Last year’s World Ocean day and the events surrounding it shows what can happen when people who have developed a love of wildlife, Nature and the environment take action. Let’s not forget the huge Climate marches last year which brought together a variety of organisations who are still working to help. We’re going to keep on working to protect our oceans and we hope you’ll be ready to join us.

Dinas coast

Dinas coast

(we want your) Memories of wildlife in our sea

The family and boat at Amlwch - Peter Williams

Our knowledge of our seas comes in part from decades of research by many organisations, but this is only a limited view of our marine wildlife. So much more information can be gleaned from people who spent time in the marine environment, if only people realised the importance of their own or their family’s stories.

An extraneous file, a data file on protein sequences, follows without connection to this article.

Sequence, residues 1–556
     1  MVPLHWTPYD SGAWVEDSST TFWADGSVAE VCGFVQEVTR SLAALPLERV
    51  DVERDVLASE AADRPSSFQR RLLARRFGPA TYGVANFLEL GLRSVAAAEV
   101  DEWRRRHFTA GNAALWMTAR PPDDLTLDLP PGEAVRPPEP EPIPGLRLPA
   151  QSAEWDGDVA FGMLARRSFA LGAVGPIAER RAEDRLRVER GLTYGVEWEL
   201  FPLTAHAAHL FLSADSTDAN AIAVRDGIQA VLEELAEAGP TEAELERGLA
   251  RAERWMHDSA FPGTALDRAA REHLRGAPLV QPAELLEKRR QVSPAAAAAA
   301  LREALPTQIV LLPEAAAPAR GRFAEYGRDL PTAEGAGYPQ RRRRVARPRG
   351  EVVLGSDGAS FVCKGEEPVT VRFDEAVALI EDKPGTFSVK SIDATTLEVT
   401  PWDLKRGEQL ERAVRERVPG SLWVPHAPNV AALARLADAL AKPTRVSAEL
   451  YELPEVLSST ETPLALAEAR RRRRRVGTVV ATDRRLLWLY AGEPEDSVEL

Historical marine ecology is a scientific field where photographs, archives, news etc. are used to better understand the historic changes our seas have faced over time and this can establish a baseline against which conservation efforts can be measured. The value of these seemingly frivolous accounts is highlighted in a project which documented the loss in the diversity and reduction in size of fish in the Florida region, by collating photographs from fishing competitions from 1950s to present days. The change is striking just in the visual sense, when you look through these pictures.

Much work to conserve our marine populations has been limited to reversing declines to life as it was in the lifetime of those helping to conserve and this has been subject to a phenomenon known as “Shifting baselines”. We tend only to perceive the loss that we’ve seen not the loss from the generations which have gone before. The idea is best described by the person who coined the term, Daniel Pauly himself.